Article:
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RFID Chip for DNA Tracking Identification

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A primary need of Forensic science is to individualize missing persons that cannot be identified after death. With the use of advanced technology, Radio Frequency Identification (RFID) implant chips can drastically improve digital tracking and enable robust biological and legal

A primary need of Forensic science is to individualize missing persons that cannot be identified after death. With the use of advanced technology, Radio Frequency Identification (RFID) implant chips can drastically improve digital tracking and enable robust biological and legal identification. In this paper, I will discuss applications between different microchip technologies and indicate reasons why the RFID chip is more useful for forensic science. My results state that an RFID chip is significantly more capable of integrating a mass volume of background information, and can utilize implanted individuals’ DNA profiles to decrease the missing persons database backlogs. Since today’s society uses a lot of digital devices that can ultimately identify people by simple posts or geolocation, Forensic Science can harness that data as an advantage to help serve justice for the public in giving loved ones closure.

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2021-05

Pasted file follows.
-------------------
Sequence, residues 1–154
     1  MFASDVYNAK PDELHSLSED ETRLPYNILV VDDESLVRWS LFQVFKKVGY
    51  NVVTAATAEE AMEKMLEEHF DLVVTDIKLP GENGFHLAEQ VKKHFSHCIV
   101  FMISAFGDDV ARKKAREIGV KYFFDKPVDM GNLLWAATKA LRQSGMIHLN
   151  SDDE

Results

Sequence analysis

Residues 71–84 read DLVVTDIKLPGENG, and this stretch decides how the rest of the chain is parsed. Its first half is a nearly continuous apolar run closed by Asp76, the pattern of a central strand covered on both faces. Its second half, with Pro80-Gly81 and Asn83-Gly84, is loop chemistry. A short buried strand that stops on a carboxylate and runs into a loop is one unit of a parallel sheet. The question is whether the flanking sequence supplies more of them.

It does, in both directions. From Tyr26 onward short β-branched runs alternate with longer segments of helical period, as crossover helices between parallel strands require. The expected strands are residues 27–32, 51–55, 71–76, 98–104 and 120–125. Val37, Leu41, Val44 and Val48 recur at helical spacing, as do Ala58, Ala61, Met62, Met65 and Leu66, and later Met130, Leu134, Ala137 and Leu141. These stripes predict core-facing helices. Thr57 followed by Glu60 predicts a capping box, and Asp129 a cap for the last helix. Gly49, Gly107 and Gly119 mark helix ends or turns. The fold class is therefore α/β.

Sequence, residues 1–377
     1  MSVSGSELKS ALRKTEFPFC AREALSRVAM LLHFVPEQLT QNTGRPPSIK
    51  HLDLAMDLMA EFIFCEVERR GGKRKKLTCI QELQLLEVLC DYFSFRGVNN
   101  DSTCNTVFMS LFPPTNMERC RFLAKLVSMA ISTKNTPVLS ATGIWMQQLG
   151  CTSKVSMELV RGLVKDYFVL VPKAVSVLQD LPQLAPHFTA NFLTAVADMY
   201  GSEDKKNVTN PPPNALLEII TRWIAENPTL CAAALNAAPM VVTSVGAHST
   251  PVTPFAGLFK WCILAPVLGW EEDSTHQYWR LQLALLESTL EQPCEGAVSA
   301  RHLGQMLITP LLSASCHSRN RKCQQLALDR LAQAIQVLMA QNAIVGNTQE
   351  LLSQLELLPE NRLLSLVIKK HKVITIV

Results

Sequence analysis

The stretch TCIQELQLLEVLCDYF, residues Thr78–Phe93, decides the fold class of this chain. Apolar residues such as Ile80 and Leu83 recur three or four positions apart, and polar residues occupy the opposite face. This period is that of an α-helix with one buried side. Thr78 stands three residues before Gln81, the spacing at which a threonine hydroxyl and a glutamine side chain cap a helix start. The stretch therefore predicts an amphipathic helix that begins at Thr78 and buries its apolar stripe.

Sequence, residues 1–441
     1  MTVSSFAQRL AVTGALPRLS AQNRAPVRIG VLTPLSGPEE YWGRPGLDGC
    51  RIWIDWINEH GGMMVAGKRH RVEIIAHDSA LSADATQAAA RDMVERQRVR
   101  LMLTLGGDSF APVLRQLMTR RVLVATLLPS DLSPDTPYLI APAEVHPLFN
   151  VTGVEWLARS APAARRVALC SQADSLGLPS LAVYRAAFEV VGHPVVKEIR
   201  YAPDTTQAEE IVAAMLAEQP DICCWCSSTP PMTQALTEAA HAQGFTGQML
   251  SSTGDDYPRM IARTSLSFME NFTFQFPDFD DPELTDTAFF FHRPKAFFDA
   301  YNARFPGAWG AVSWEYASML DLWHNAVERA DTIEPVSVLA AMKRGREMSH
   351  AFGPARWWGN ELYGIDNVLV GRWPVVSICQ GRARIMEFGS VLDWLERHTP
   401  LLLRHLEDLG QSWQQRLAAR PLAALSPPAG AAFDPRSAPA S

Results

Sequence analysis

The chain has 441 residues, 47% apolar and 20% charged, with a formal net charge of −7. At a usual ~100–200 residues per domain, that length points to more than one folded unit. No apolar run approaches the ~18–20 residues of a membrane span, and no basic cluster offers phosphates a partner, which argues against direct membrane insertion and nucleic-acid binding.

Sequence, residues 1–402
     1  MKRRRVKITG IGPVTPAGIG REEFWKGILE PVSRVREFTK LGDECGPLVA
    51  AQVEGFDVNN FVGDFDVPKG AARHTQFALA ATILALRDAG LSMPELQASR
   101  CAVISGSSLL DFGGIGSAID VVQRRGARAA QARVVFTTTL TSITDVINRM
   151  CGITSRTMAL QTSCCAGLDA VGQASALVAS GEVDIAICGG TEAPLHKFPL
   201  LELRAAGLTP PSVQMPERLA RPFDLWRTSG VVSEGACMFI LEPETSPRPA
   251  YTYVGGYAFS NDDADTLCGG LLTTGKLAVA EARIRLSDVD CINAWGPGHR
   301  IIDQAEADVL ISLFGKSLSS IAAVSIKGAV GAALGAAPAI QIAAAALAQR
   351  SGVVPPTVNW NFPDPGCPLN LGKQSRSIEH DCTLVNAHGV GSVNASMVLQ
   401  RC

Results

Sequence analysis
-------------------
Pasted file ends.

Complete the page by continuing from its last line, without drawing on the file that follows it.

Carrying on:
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Elementary teachers' concerns regarding students showing characteristics of a chromosomal disorder

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The presence of certain chromosomal disorders is not always immediately apparent at birth. Children with relatively high-incidence, but non-heritable disorders may receive delayed identification due to the sometimes subtle manifestation of their disorder. Delayed identification may result in various undesirable

The presence of certain chromosomal disorders is not always immediately apparent at birth. Children with relatively high-incidence, but non-heritable disorders may receive delayed identification due to the sometimes subtle manifestation of their disorder. Delayed identification may result in various undesirable outcomes for affected children and their families. In addition to parents, teachers can be valuable participants in the identification process. Chromosomal disorders are associated with generally predictable physical and behavioral characteristics, known as phenotype. In the present study, the influence of phenotype on teachers' student-related concerns was examined. Teachers looked at a photo and read a vignette about a fictional elementary-age student who, although not identified, showed varying degrees of the Turner syndrome phenotype. A follow-up questionnaire indicated significantly greater concerns when a student showed many versus few characteristics of behavioral phenotype. However, the effect of morphological phenotype on teacher responses was not significant. The implications for identification of chromosomal disorders are discussed.

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2013